Well, she came home all right on the seventh of August, from a hospital, with her broken jaw wired, and her body covered with bruises. Steve had stalked her and attacked her with his fists and feet and then escaped through the grimy catacombs of the Ghetto. All that night and all the next day I crouched in the dark shadows beneath his stairwell gripping a gleaming ice pick. He never came back. He had moved.
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Twenty years later, while idly looking from the window of a plush hotel suite I would see something familiar in the white-haired stooped figure of a garbage collector on the street three stories down. I blacked out, when reason returned I was down there on the street in the bright morning sunlight, clutching a pistol, wearing only a pair of red silk pajamas.
As the garbage truck turned the corner a block away out of range, a small crowd of passersby stood bug-eyed watching the strange scene as Rachel, my main whore, tugged at my arm, pleaded with me to get off the street. Perhaps that beating Mama took was good, as painful as it was. Her eyes would be bright, riveted on the ceiling, she would be in a trance, remembering, still hot for him. After all he had done to us, she still had a terrible itch for the bastard.
That beating was good for her, it cured the itch. Mama had learned a bitter lesson the hard way. The country girl had rolled in the hay with the city slicker and now I saw all of her sorrow and guilt in her eyes. She had destroyed a good man back there, a native son. Henry died a year after we left him.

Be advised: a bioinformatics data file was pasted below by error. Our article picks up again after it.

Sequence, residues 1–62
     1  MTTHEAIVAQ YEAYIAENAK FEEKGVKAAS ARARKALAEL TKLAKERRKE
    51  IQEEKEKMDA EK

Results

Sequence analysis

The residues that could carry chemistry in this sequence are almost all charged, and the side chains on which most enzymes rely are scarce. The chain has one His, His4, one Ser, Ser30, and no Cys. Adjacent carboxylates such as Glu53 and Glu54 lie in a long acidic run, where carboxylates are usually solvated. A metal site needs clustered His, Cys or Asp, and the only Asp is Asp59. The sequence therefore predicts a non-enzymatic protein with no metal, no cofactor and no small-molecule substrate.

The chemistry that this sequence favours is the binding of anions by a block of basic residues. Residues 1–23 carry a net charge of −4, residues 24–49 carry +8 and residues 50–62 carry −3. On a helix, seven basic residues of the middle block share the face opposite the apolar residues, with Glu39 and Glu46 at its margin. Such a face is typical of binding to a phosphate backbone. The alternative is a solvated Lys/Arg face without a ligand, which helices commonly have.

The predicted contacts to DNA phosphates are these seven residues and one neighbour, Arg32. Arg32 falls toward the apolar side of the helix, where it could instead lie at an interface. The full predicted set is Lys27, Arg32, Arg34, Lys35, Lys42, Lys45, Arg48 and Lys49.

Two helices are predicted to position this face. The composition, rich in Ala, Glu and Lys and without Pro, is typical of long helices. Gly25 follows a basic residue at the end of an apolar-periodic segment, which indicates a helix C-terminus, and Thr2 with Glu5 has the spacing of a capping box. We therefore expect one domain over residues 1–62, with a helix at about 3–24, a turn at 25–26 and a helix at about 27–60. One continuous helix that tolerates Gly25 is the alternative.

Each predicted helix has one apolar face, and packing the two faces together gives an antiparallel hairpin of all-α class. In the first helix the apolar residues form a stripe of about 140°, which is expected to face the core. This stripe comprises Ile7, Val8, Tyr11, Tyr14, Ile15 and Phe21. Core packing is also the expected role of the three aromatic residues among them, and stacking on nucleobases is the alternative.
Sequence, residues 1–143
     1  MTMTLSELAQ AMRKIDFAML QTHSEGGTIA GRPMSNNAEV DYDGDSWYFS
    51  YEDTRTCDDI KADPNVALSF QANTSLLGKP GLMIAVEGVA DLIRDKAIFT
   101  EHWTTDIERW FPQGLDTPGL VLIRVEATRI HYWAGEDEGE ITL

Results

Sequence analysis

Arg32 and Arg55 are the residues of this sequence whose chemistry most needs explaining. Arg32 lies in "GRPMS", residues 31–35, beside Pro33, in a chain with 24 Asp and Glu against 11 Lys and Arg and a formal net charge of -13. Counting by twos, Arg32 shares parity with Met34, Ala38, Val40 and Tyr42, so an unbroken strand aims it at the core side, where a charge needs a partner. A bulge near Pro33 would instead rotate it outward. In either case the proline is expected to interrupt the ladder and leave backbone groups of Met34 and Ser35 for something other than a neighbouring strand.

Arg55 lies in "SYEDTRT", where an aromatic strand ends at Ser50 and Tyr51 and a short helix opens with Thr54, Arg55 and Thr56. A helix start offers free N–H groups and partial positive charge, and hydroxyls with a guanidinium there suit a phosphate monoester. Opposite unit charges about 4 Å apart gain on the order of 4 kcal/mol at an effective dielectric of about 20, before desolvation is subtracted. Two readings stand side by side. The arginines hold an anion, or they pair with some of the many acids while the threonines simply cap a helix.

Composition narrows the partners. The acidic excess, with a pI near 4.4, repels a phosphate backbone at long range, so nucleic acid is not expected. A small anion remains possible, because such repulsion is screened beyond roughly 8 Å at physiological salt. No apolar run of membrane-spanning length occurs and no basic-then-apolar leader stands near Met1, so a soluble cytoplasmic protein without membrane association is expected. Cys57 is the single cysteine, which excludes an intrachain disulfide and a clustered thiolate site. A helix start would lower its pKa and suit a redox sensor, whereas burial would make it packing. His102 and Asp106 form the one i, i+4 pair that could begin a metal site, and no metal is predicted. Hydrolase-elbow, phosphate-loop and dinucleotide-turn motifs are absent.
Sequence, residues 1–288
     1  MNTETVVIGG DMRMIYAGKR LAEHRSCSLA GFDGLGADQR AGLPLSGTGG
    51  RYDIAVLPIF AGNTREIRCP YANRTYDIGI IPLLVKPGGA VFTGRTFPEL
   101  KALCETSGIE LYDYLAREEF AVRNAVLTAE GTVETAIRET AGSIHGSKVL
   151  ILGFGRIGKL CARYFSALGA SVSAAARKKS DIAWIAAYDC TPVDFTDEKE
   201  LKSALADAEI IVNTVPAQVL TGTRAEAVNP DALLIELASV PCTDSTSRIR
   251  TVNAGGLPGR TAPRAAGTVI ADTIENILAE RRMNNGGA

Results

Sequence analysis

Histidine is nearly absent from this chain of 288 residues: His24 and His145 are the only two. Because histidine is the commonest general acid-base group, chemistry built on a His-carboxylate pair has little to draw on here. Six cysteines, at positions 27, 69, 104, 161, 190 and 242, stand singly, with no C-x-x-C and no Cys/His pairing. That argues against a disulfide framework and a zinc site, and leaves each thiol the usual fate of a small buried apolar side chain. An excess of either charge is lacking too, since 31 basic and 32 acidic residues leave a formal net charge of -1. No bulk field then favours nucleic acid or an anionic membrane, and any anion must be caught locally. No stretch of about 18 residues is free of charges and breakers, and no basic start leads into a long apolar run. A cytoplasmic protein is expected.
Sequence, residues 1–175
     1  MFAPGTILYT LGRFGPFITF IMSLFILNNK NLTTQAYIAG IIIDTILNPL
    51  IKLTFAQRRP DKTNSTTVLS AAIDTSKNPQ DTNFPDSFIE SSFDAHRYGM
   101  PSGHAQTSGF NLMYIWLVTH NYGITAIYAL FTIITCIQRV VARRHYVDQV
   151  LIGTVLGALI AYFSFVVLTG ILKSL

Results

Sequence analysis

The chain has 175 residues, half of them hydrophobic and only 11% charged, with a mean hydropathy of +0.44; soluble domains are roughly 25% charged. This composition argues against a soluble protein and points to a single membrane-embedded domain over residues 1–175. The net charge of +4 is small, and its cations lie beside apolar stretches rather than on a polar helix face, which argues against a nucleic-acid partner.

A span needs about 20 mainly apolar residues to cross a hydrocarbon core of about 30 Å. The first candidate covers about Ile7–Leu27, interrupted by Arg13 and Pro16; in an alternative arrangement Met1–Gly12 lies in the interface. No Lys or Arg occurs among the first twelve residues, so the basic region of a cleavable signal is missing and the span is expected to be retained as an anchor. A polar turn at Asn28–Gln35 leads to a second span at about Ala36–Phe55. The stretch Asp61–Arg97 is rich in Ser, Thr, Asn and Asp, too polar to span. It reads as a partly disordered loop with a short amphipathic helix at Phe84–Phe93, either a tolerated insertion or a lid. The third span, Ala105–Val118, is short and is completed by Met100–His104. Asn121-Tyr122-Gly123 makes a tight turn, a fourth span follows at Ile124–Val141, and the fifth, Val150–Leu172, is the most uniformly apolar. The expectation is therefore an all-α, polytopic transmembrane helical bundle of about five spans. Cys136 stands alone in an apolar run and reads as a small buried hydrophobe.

Until the grave claimed her, Henry would rise from his own to haunt her in the lonely gloom. Mama was desperate to save at least fragments of her image, to hold fast the love and respect I had for her in Rockford.
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I had seen too much, had suffered too much. The jungle had started to embalm me with bitterness and hardness. I was losing, page by page, the fine rules of thought and deed that I had learned in church, from Henry to the Boy Scout Troop in Rockford. I was sopping up the poison of the street like a sponge. Dangerously, I was frantic to sock it into every young girl weak enough to go for it. I had become impatient with the unusual thickness of her maidenhead.
T he slide was greased. I was starting my long plunge to the very bottom of the grim pit. I guess my trip downward really was cinched when I met a petty hustler who was very likeable and we became pals. My hustler pal was called Party Time.
By the time he was twentythree he had done four bits in the joint. On each fall he had been jacked up for either strong-arm robbery or till tapping. He got his moniker hung on him because as soon as he scored for scratch he would make fast tracks to the nearest underworld bar. All you studs stop playing stink finger with these long-cock whores and everybody belly up to the log and get twisted on me. His flat African features were pasted to a skull that could have belonged to a cave man.
He was short, powerful, and shiny black. There was a Fast sheet joint with the trick rooms in the rear, right on the alley. I was peeping one night into one through a frayed shade when I saw Party Time for the first time. My eyes were bugging when I saw the tall viking type white man, his tiny, but voluptuous female white companion and Party Time taking their clothes off. Finally they stood there naked. I could see their lips moving so I pressed my ear and eye sideways against the window that was open a couple of inches at the top to get the sound.
Honey, can you believe the size, the beauty of it! Her eyes were blue fire in her passion. She purred like a Persian kitten and pounced onto the bed. Party Time stood at the side of the bed looking down at her. He was an ebony executioner. His horizontal axe cast a cruel shadow across the snowy peaks, rose tipped.